The easiest way to create an outline is to conduct a Google search on your topic. Start with an article that simply describes the subject. Make note of the key sub-topics and the beginnings of your outline will emerge. Now search for the history of your topic. Again, gather some key historical points to include in your outline. Next, conduct a Google search for authorities on the subject. Does your rubric require scholarly sources?

    If so, the best scholarly articles are those provided by experts, often who have doctorates, but not exclusively; and professors who teach or conduct research at universities. Check Harvard Business Review, Harvard Health Publications and other scholastic journals and reviews related to your subject area. If there is no scholastic requirement, identify the most celebrated publishers in your subject area, including government resources and news organizations, for example, National Institutes of Health (NIH), Time, Forbes, and U. S. News and World Report.

    The Structure of academic writing

    The general structure of academic writing is:

    • the introduction
    • the thesis – not always required, generally needed in argument papers, but not required in personal statements or exploratory papers
    • the body – containing the facts, the argument, the evidence and your analysis or reasoning 
    • the conclusion

    However, once again, if there is a requirement in the rubric that specifies another format, the rubric is always controlling.

    The Thesis Statement – The rubric states that you should write a paper that compares the reasons the North and the South engaged in the Civil War. There really is no good or bad thesis statement, there is primarily a strong version or a weak version. The following thesis statements represent a weak version and a strong version:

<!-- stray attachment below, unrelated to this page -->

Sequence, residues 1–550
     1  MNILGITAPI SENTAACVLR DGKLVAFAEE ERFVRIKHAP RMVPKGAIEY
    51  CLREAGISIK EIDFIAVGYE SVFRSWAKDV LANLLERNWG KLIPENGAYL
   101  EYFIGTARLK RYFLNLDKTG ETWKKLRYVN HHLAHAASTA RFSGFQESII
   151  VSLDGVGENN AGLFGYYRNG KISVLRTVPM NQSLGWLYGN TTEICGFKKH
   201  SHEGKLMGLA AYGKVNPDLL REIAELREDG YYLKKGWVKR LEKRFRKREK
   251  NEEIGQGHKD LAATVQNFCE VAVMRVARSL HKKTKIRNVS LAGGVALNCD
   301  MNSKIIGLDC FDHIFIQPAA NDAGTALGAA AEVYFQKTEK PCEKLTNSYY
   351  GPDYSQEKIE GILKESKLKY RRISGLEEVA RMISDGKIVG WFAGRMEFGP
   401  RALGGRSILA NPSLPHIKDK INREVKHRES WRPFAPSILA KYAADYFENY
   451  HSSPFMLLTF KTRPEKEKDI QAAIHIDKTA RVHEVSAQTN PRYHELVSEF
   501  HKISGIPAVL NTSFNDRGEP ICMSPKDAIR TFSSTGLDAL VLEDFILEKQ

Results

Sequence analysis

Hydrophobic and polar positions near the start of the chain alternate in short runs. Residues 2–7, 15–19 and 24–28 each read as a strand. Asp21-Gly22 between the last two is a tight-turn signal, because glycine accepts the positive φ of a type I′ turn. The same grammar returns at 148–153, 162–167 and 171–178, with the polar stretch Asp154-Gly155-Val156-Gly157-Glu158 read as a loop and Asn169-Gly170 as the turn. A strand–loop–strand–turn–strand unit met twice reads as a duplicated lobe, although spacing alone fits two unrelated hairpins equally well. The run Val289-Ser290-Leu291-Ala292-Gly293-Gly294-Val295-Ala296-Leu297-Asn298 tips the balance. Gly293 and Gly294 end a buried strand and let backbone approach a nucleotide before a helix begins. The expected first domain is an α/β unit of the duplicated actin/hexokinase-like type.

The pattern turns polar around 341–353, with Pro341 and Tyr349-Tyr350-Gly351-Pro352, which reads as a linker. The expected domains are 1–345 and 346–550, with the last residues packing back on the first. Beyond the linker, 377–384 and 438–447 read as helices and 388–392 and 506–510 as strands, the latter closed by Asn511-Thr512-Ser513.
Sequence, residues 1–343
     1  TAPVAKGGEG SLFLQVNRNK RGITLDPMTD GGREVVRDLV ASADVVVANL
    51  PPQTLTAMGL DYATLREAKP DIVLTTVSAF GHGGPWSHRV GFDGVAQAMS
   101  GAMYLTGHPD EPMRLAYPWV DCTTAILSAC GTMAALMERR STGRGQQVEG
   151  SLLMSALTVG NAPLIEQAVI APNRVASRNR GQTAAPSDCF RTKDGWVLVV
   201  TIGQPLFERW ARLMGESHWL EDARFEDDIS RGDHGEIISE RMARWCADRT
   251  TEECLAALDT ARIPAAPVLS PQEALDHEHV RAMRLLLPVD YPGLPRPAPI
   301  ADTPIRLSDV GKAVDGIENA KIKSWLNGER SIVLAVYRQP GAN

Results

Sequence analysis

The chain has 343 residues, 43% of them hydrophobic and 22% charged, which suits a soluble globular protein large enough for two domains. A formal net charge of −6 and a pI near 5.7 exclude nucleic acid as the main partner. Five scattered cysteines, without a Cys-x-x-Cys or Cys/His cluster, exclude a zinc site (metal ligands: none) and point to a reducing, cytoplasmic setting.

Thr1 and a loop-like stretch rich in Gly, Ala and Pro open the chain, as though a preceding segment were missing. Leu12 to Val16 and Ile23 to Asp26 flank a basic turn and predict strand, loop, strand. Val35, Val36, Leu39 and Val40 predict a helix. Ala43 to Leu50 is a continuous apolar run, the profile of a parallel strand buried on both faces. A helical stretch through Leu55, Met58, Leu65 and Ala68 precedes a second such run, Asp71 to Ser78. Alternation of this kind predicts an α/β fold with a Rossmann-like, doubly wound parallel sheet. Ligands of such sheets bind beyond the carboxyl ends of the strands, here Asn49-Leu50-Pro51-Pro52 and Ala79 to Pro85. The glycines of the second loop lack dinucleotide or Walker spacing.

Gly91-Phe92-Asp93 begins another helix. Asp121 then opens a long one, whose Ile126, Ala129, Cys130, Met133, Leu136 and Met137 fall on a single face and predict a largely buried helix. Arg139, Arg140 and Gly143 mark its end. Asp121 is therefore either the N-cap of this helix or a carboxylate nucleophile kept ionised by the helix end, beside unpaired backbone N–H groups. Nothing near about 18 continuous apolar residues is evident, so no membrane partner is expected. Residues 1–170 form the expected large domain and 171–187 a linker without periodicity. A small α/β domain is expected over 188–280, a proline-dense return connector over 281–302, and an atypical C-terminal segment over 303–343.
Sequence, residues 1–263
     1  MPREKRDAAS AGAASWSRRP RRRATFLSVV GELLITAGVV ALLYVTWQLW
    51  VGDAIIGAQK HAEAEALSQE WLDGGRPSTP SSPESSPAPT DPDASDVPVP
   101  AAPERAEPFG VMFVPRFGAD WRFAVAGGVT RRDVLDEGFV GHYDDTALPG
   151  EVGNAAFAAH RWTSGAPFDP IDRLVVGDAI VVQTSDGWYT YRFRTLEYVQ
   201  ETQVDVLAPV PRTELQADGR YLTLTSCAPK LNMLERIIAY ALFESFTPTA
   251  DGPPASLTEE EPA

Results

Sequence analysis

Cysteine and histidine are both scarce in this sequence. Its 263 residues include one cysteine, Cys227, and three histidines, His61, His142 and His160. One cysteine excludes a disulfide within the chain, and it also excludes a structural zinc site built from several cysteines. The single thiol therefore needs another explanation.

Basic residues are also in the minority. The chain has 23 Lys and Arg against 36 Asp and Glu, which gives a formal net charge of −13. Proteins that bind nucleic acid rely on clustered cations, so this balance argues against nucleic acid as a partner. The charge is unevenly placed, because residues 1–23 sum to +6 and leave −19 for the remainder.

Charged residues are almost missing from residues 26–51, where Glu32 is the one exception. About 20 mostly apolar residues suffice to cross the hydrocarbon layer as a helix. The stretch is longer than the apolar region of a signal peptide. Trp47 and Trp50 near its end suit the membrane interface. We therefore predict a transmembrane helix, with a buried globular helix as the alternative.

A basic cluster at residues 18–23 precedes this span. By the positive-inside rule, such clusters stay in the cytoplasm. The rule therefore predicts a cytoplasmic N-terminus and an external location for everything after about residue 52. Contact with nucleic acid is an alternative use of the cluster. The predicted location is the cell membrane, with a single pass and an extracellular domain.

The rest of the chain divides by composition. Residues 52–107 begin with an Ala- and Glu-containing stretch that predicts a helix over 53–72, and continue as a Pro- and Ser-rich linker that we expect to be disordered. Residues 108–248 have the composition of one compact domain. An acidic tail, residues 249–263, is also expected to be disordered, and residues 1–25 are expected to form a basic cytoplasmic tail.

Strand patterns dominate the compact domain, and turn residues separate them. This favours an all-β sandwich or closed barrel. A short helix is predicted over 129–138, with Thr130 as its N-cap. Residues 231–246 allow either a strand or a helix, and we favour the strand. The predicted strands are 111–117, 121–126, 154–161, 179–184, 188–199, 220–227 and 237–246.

• Weak: The North and South fought the Civil War for many reasons, some of which were the same and some different. ("Thesis Statement")
    • Strong:While both Northerners and Southerners believed they fought against tyranny and oppression, Northerners focused on the oppression of slaves while Southerners defended their own right to self-government. ("Thesis Statement")

    In this case the rubric states that you should analyze one aspect of Huckleberry Finn. The following thesis statements represent a weak version and a strong version: 

    • Weak:Mark Twain’s Huckleberry Finn is a great American novel. ("Thesis Statement")
    • Strong:Through its contrasting river and shore scenes, Twain’s Huckleberry Finn suggests that to find the true expression of American democratic ideals, one must leave “civilized” society and go back to nature. ("Thesis Statement")

    The thesis statement is a strong, well-thought out indication of the argument you will make in the academic writing you are about to share with others. It tells your reader exactly what they should expect in the writing. The thesis is your interpretation, your perspective on the topic at hand. In the example above, you may feel that the Northerners were fighting against the oppression of the slaves. Another person might believe that Northerners only saw industrial opportunities in the South. Whatever your perspective, the thesis is the place where you identify your position on the topic you will discuss and provide evidence to support.